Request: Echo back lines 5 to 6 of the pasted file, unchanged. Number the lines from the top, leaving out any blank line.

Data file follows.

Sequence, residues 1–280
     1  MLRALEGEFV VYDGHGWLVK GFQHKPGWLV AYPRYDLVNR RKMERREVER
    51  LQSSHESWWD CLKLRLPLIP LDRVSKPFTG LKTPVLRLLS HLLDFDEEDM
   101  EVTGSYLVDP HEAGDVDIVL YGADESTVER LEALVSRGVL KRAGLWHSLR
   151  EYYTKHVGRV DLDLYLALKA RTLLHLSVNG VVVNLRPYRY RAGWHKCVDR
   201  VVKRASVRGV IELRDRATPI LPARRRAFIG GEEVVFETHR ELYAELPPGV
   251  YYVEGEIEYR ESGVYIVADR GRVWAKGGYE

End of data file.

   151  EYYTKHVGRV DLDLYLALKA RTLLHLSVNG VVVNLRPYRY RAGWHKCVDR
   201  VVKRASVRGV IELRDRATPI LPARRRAFIG GEEVVFETHR ELYAELPPGV